Reality Challenged: A Whole New Level of Gross-Out

This is the final installment in a three part series about the science and strategy behind reality show challenges. Read the first part here and the second here.

Reality TV games don’t need to be played on a grand scale, or even outdoors, to be effective. Sometimes all a challenge producer needs is a few bucks and some good old fashioned innuendo. Such was the case when Sam Cotler was coming up with a game for That’s Amore!, a spinoff of A Shot At Love With Tila Tequila.

“There was a cast member named Domenico, who’s an ‘Italian Borat’ kind of character, who got his own dating show. And all these girls have moved into this Italian-looking mansion somewhere deep in the valley of Los Angeles, and they are vying for his love by competing in ridiculous physical challenges — most of them involving massive quantities of Italian food, which is funny.”

Those challenges included a make-a-pizza-on-your-head race, and diving into a pool of spaghetti for meatballs, before Cotler pitched a game called “cannoli suck-and-spit.”

“The girls would suck the cream out of a cannoli, and spit it into a glass vessel that would have a line on it. And the first person to fill the jar with cannoli cream past the line would win, which was received very well.”

It was received so well, in fact, that it became the featured game during “parents’ weekend,” when the mothers and fathers of the girls paid a visit to the That’s Amore! mansion.

“In preparation, I went to this Italian restaurant in Studio City and got some cannolis that I brought back to the office. I sat at my desk and attempted to suck the cream out of a cannoli myself, which was a defining moment in my life and career. And it didn’t work, because cannoli cream is a little bit too thick and there’s chocolate chips. I could see somebody dying choking on a chocolate chip, and then it would be all my fault.”

This meant designing a custom-made cannoli for the game with a more user-friendly filling. Cotler bought a box of inexpensive cannoli shells at a food wholesaler in the L.A. Valley, then went to a grocery store and bought every yellowish substance he could find.

“I bought yogurt, vanilla pudding, sour cream, whipped cream, and everything I could find that fit the bill. I brought it all back to the office, and sat there at my desk systematically filling cannoli shells with this stuff and tested them. I tried to see if I could suck the cream out of them, and spit it into a coffee mug — which everyone at the office really enjoyed reminding me that I had gone to college. Which is true, but it’s a state school, so…”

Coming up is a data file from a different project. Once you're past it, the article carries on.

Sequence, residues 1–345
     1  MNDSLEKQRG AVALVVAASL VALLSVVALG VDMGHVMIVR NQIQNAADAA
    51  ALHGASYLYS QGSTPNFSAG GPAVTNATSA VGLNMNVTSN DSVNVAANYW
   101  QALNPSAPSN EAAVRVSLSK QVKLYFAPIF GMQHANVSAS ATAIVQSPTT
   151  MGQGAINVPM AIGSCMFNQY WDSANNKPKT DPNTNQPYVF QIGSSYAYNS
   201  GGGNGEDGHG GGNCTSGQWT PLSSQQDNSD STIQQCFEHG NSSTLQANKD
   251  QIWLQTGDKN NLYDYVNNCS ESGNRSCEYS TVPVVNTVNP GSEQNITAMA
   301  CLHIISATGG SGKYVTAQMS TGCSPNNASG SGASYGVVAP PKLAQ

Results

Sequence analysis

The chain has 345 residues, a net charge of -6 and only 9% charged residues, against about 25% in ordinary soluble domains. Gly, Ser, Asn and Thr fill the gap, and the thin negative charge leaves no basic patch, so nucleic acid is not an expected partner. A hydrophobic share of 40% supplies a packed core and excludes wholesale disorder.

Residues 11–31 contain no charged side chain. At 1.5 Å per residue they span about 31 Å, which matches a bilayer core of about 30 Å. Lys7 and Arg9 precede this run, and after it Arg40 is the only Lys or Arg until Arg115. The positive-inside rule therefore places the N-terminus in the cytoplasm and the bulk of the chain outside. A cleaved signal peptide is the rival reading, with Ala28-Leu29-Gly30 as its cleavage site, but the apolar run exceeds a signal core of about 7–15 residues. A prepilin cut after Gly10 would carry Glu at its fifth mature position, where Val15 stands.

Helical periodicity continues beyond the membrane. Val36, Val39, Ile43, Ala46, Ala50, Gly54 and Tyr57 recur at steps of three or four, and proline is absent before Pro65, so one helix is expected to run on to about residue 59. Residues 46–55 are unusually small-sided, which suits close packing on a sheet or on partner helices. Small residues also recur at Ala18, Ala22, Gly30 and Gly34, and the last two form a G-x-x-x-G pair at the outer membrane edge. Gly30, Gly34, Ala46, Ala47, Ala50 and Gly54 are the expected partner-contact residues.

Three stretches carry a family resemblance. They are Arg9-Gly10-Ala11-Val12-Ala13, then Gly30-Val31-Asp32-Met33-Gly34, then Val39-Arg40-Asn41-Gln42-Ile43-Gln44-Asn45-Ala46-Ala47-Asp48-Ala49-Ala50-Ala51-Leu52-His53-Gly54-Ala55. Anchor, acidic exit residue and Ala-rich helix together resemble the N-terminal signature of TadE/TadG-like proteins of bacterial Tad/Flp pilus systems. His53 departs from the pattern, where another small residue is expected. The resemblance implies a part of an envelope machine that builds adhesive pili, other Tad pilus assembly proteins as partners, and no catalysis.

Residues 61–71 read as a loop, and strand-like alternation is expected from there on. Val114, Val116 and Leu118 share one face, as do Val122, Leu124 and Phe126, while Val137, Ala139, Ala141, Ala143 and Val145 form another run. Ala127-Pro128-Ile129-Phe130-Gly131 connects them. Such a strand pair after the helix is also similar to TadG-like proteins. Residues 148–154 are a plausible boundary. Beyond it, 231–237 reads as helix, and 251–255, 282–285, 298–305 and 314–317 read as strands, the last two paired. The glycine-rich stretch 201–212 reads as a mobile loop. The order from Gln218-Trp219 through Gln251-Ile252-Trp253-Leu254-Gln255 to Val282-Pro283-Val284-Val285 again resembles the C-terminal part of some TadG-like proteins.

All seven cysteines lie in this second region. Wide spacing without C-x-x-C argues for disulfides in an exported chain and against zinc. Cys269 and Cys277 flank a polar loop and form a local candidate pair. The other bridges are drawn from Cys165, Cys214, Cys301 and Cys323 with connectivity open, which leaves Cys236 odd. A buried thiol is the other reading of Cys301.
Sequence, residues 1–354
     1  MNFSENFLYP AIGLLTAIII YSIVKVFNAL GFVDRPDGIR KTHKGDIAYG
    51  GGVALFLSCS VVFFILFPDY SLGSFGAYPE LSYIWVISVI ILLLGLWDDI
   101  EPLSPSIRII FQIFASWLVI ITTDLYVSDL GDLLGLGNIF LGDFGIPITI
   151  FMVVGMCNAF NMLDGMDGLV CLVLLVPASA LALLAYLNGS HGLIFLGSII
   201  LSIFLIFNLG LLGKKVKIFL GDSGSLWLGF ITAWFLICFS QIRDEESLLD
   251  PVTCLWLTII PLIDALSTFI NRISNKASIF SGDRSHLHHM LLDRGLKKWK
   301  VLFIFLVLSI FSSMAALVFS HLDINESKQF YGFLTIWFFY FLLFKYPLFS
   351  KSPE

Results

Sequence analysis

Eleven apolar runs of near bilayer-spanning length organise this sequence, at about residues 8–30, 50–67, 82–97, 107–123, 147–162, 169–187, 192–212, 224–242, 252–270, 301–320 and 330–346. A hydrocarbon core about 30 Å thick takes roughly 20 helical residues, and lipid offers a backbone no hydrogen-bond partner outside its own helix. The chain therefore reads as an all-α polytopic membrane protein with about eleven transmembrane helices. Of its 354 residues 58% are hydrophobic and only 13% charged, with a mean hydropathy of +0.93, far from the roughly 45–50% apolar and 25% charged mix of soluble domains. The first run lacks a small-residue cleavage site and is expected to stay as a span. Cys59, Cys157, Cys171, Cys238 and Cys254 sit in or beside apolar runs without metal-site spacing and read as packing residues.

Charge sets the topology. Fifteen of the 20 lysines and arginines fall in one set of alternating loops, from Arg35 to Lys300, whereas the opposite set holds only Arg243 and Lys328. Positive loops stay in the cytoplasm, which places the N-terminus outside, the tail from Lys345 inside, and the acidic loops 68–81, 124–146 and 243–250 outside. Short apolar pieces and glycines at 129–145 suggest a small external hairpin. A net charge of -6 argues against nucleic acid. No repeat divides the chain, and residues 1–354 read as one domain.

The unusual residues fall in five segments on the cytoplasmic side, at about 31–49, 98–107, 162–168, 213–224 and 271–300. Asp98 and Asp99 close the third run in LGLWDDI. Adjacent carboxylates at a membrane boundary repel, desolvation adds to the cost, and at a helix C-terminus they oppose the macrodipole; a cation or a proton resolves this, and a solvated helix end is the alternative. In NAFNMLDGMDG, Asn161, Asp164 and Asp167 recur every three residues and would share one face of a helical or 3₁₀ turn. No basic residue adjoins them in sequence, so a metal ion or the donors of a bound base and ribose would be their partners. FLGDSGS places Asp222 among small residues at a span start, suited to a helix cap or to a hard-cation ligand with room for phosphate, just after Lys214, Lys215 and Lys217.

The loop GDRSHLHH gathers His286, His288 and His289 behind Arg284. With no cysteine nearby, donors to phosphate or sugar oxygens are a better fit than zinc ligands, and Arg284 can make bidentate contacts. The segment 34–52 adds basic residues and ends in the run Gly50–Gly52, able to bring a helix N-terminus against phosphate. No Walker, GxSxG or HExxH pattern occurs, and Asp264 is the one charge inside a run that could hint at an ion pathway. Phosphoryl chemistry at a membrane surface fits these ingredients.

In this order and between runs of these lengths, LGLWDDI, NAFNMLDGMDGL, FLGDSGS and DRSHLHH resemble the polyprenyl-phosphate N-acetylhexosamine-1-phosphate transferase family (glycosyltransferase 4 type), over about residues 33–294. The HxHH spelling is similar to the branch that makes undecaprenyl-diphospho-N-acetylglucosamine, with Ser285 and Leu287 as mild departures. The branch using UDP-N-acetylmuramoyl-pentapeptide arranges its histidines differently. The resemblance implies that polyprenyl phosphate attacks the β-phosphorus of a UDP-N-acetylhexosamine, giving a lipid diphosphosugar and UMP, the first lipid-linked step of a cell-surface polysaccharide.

The day of the challenge, Cotler went with the vanilla pudding for its yellowish properties, and organized a group of PAs into a shell-stuffing assembly line — producing almost 1,300 cannolis. As he re-watches the episode, Cotler critiques the contestant reactions to his challenge.

“Imagine sucking and blowing in front of your mom and your dad,” one them confesses. “Not fun.”

“That’s the stuff you want ‘em to say,” Cotler comments. “That’s the bite.”

Cotler got a close-up view of the game’s execution while standing beside one of the close-up cameras — the perfect position to judge who fill their bucket first. When I tell him the challenge reminds me of Nickelodeon’s old Double Dare show, Cotler laughs.

“It’s funny. [fellow producer] Josh Peters talks to me about Double Dare all the time. We were both really influenced by Double Dare, and I always think about that show, and that other Nickelodeon kind of stuff when I do these things. You know, primary colors and those childish racing elements. But you’re also always working with an art department on these kinds of shows. So, a lot of times they come at you with the same sorts of ideas, and they take care of that stuff for you.”

Even though the messy family elements of Double Dare are present in “cannoli suck-and-spit,” the subtle sexual innuendo was something Cotler wasn’t convinced would go over with these parents.

“It’s just so amazing to me that, especially the dads, that they were all just willingly doing this. Nobody batted an eye. Nobody said anything. Nobody was like, “I’m not.” You know, I expected at least one dad to be like, “I’m not fucking doing this,” which I totally would have understood.”

“I cannot believe my dad did this for me,” one of the contestants confesses to the camera. “I would have never pictured either of my parents doing this.”

And what they do looks and sounds entertainingly revolting. As the challenge rolls along, the families become more and more adorned in cannoli leavings, much to the delight of Domenico.

“Suck! Suck! Ha Ha Ha!” he chants.

Yet the game’s messy element made things difficult for Cotler, who had to eyeball the leaders with the help of fellow producer Jason Hunt, while communicating via walkie-talkies. They eventually named the only fatherless team as the winner, the three female members screaming for joy beneath a coating of yellow cannoli cream.

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    • Patty

      Ugh! The stuff people come up with and will do. Bleh!

    • Rebecca

      Best line: “I sat at my desk and attempted to suck the cream out of a cannoli myself, which was a defining moment in my life and career.”

      Thanks for reminding me why I rarely watch reality TV.

    • Dante

      Man, I get being supportive of your kids and all. But to go so far as to participate in a “cannoli suck-and-spit”? That’s just… wow. Grossest thing I’ve read since discovering the KFC Double Down had a “squirt of Colonel’s sauce” on it. Gah.

    • Raquel

      Wait, there was a Fox Reality Channel??? The fact that this ever existed is more disturbing to me than a cannoli suck-and-spit (which is nowhere near as icky as the masturbating contest –yuck!!). I long for the days of innocent shows like Double Dare!